Emily Maitlis has suggested that Princess Beatrice’s planned wedding next year could have played a hand in the BBC’s interview with Prince Andrew. Maitlis also discussed how her extraordinary interview with Prince Andrew took around a year to set up. The interview – dubbed Prince Andrew & the Epstein Scandal – will air on BBC Newsnight later tonight, marking the first time Prince Andrew speaks publicly about his relationship with convicted paedophile Jeffrey Epstein.
In the interview, Prince Andrew, who strongly denies claims that he had sex with Epstein accuser Virginia Giuffre (nee Roberts), has said he regrets staying with Epstein but believed it was the “honourable” thing to do at the time.
Prince Andrew described it as a “convenient place to stay”.
He told Emily Maitlis: “I’ve gone through this in my mind so many times but at the end of the day with the benefit of all the hindsight that one can have it was definitely the wrong thing to do but at the time I felt it was the honourable and right thing to do.
“I admit fully my judgment was probably coloured by my tendency to be too honourable but that’s just the way it is.”
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Prince Andrew added that he had “no recollection” of ever meeting Virginia Giuffre, the woman who claims to have been coerced into having sex with the royal by Epstein.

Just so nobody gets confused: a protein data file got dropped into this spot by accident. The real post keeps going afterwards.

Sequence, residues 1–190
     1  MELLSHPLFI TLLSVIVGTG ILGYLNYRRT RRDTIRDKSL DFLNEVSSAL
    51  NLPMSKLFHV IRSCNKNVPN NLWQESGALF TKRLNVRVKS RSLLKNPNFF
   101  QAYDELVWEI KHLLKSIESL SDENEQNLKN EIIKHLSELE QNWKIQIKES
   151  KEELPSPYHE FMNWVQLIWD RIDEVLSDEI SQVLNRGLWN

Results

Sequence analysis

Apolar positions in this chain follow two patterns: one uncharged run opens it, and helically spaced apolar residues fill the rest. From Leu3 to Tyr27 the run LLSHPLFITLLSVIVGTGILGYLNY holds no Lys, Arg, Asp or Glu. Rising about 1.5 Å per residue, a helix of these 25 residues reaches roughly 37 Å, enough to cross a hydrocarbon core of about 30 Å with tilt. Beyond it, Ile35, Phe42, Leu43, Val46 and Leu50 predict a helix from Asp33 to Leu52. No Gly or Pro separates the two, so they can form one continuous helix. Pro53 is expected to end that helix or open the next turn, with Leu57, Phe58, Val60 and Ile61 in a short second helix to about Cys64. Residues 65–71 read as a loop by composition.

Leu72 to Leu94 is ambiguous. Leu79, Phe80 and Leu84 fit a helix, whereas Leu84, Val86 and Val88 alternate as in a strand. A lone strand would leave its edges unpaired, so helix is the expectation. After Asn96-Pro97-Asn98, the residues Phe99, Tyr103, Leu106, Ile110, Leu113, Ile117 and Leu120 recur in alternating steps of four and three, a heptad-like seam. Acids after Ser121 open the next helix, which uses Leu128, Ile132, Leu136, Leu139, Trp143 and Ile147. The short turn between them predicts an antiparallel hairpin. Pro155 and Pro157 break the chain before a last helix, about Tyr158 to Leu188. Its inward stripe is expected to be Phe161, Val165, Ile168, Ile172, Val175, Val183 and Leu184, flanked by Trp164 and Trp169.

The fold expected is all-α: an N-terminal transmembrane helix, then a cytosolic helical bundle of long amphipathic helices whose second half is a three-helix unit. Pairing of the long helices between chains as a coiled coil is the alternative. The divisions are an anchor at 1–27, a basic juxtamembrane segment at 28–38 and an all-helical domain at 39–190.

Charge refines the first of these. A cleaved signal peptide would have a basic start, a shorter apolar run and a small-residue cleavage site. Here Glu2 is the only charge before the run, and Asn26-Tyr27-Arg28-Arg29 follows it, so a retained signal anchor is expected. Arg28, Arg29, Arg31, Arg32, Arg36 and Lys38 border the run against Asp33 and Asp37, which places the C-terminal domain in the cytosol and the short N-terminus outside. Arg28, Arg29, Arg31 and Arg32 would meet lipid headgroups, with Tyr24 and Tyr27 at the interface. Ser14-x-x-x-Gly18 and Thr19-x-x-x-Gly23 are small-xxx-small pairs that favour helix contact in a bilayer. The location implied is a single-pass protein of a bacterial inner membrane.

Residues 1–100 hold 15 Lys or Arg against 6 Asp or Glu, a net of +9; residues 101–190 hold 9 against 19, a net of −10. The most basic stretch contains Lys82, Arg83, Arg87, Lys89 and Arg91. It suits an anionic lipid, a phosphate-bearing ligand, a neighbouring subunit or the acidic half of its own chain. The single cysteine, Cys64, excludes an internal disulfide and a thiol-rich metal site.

Speaking about the interview on BBC News this morning, Maitlis said the BBC’s talks with the Palace had intensified following Epstein’s death in a New York prison in August.
She discussed her shock at how “raw and visceral” Prince Andrew was during the interview
Maitlis also revealed that the Queen personally signed off on the Prince Andrew interview with the BBC earlier this week.
She explained: “He explained that there will never be a perfect time to talk about such deeply uncomfortable issues. He chose to do it on Thursday with us.
“I can’t speculate as to what was in his head or what has gone on in his life.
“There are things coming up, like his daughter’s wedding next year and my understanding was that this this was a once in a lifetime event.
“Nothing was off-record, no preconditions on any of the questions we asked.
“There are moments where it was quite raw, quite visceral, and it will be quite uncomfortable for the viewer.
“This is a man at the heart of the Royal Family who never does this.”
Buckingham Palace said previously: “Any suggestion of impropriety with underage minors is categorically untrue.”
It added: “It is emphatically denied that the Duke of York had any form of sexual contact with Virginia Roberts. Any claim to the contrary is false and without foundation.”
Mrs Giuffre’s allegations about the duke were struck from the US court record in 2015 after a judge branded them “immaterial and impertinent”.
A US Federal Appeals Court has warned that allegations in court papers should not be understood as firm findings or as “some sort of marker of reliability” because New York law grants absolute immunity from liability for defamation.